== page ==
11. Wanjun Yao & Tomoko Kinugasa & Shigeyuki Hamori, 2013. "An empirical analysis of the relationship between economic development and population growth in China," Applied Economics, Taylor & Francis Journals, vol. 45(33), pages 4651-4661, November.
  12. Cuong Le Van & Cagri Saglam & Agah Turan, 2014. "Optimal Growth Strategy Under Dynamic Threshold," Working Papers 2014-123, Department of Research, Ipag Business School.
  13. Phouphet KYOPHILAVONG & Gazi Salah Uddin & Muhammad Shahbaz, 2014. "The Nexus Between Financial Development and Economic Growth in Laos," Working Papers 2014-447, Department of Research, Ipag Business School.
  14. Sahbi Farhani & Muhammad Shahbaz & Mohammad Mafizur Rahman, 2014. "Natural gas consumption and economic growth in France: Evidence for the role of exports, capital and labor," Working Papers 2014-226, Department of Research, Ipag Business School.
  15. Pesaran, M.H. & Ullah, A. & Yamagata. T., 2006. "A Bias-Adjusted LM Test of Error Cross Section Independence," Cambridge Working Papers in Economics 0641, Faculty of Economics, University of Cambridge.
  16. Cuong Le Van & Tu Anh Nguyen & Tran Dinh Tuan, 2014. "Saving Rate, Total Factor Productivity and Growth Process for Developing Countries," Working Papers 2014-424, Department of Research, Ipag Business School.
  17. Partha Dasgupta, 2000. "Population and Resources: An Exploration of Reproductive and Environmental Externalities," Population and Development Review, The Population Council, Inc., vol. 26(4), pages 643-689.
  18. Oded Galor & David N. Weil, 1993. "The Gender Gap, Fertility, and Growth," NBER Working Papers 4550, National Bureau of Economic Research, Inc.
  19. Fatih Karanfil & Yuanjing Li, 2014. "Electricity consumption and economic growth: exploring panel-specific differences," Working Papers 2014-337, Department of Research, Ipag Business School.
  20. Breusch, T.S. & Pagan, A.R., . "The Lagrange multiplier test and its applications to model specification in econometrics," CORE Discussion Papers RP -412, Université catholique de Louvain, Center for Operations Research and Econometrics (CORE).
  21. M. Hashem Pesaran & Takashi Yamagata, 2005. "Testing Slope Homogeneity in Large Panels," IEPR Working Papers 05.14, Institute of Economic Policy Research (IEPR).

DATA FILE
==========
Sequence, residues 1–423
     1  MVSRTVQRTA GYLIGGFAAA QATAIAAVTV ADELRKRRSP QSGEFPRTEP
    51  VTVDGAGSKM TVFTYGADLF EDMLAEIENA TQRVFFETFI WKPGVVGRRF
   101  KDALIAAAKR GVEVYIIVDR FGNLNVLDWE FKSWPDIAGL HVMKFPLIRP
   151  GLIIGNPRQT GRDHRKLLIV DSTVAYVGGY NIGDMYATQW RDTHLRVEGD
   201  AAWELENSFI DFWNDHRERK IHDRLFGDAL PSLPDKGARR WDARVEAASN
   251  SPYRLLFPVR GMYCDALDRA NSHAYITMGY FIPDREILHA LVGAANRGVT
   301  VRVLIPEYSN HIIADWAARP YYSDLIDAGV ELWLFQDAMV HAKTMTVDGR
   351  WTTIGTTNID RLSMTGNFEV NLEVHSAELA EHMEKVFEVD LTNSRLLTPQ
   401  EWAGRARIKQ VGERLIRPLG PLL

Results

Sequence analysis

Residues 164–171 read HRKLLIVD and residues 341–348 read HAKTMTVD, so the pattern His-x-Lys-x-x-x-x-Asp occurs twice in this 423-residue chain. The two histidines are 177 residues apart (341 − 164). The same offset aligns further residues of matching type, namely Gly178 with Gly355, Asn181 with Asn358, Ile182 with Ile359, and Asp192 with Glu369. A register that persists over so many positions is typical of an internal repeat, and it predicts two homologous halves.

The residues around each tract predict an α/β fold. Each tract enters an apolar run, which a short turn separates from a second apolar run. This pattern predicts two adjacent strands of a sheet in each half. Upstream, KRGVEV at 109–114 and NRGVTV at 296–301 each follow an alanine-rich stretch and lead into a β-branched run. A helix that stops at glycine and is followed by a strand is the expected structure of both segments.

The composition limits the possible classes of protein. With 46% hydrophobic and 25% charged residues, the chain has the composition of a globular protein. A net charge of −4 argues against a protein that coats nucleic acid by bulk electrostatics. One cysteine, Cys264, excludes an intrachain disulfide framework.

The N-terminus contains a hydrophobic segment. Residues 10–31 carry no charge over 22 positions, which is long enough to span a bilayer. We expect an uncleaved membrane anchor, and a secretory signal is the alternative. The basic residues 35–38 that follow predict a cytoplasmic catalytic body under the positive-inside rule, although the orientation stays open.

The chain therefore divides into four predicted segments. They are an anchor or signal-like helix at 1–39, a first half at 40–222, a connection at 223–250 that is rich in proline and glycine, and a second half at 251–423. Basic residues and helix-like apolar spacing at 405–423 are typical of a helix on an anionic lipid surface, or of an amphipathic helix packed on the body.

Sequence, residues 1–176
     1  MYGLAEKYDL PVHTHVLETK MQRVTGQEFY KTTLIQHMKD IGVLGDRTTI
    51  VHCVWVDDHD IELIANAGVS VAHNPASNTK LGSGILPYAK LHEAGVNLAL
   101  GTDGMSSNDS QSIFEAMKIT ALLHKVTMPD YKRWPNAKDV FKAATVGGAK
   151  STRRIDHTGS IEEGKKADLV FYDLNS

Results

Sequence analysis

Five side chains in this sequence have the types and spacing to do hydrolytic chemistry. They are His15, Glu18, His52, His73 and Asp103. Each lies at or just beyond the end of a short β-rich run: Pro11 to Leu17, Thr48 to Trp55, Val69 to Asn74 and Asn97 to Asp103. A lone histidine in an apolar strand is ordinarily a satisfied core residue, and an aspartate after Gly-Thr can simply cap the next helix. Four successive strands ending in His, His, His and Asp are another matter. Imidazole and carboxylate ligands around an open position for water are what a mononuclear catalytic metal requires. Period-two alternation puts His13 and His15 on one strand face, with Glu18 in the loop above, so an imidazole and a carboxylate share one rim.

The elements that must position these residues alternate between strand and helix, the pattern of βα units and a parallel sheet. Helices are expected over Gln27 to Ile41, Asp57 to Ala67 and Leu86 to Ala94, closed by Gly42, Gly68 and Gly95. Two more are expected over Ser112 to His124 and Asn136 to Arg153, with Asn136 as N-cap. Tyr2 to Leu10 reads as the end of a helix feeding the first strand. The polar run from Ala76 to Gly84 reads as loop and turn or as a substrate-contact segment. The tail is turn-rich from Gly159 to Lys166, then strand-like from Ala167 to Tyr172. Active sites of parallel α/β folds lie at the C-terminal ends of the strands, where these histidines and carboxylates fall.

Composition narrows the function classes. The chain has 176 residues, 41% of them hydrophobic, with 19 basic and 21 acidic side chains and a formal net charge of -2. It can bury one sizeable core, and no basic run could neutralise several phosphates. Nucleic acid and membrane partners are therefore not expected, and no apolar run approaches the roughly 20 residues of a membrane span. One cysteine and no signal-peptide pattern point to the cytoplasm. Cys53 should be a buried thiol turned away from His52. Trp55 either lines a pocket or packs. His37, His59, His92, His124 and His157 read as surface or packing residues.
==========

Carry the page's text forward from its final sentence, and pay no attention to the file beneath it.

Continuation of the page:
22. Christophe Hurlin & Elena Dumitrescu, 2012. "Testing for Granger Non-causality in Heterogeneous Panels," Working Papers halshs-00224434, HAL.
  23. Cassen, Robert H., 1976. "Population and development: A survey," World Development, Elsevier, vol. 4(10-11), pages 785-830.
  24. David N. Weil & Oded Galor, 2000. "Population, Technology, and Growth: From Malthusian Stagnation to the Demographic Transition and Beyond," American Economic Review, American Economic Association, vol. 90(4), pages 806-828, September.
  25. Hongbin Li & Junsen Zhang, 2007. "Do High Birth Rates Hamper Economic Growth?," The Review of Economics and Statistics, MIT Press, vol. 89(1), pages 110-117, February.
  26. Tai-Hsin Huang & Zixiong Xie, 2013. "Population and economic growth: a simultaneous equation perspective," Applied Economics, Taylor & Francis Journals, vol. 45(27), pages 3820-3826, September.
  27. Tsangyao Chang & Hsiao-Ping Chu & Frederick W. Deale & Rangan Gupta, 2014. "The Relationship between Population Growth and Economic Growth Over 1870-2013: Evidence from a Bootstrapped Panel-Granger Causality Test," Working Papers 201431, University of Pretoria, Department of Economics.
  28. Kyophilavong, Phouphet & Salah Uddin, Gazi & Shahbaz, Muhammad, 2014. "The Nexus Between Financial Development and Economic Growth in Lao PDR," MPRA Paper 57308, University Library of Munich, Germany, revised 14 Jul 2014.
  29. Uddin, Gazi Salah & Sjö, Bo & Shahbaz, Muhammad, 2013. "The causal nexus between financial development and economic growth in Kenya," Economic Modelling, Elsevier, vol. 35(C), pages 701-707.
  30. Kremer, Michael, 1993. "Population Growth and Technological Change: One Million B.C. to 1990," The Quarterly Journal of Economics, MIT Press, vol. 108(3), pages 681-716, August.
  31. John Thornton, 2001. "Population Growth and Economic Growth: Long-Run Evidence from Latin America," Southern Economic Journal, Southern Economic Association, vol. 68(2), pages 464-468, October.
Full references (including those not matched with items on IDEAS)

This item is not listed on Wikipedia, on a reading list or among the top items on IDEAS.

When requesting a correction, please mention this item's handle: RePEc:pre:wpaper:201431. See general information about how to correct material in RePEc.

For technical questions regarding this item, or to correct its authors, title, abstract, bibliographic or download information, contact: (Rangan Gupta)

If you have authored this item and are not yet registered with RePEc, we encourage you to do it here. This allows to link your profile to this item. It also allows you to accept potential citations to this item that we are uncertain about.

If references are entirely missing, you can add them using this form.

If the full references list an item that is present in RePEc, but the system did not link to it, you can help with this form.

If you know of missing items citing this one, you can help us creating those links by adding the relevant references in the same way as above, for each refering item. If you are a registered author of this item, you may also want to check the "citations" tab in your profile, as there may be some citations waiting for confirmation.

Please note that corrections may take a couple of weeks to filter through the various RePEc services.

This information is provided to you by IDEAS at the Research Division of the Federal Reserve Bank of St. Louis using RePEc data.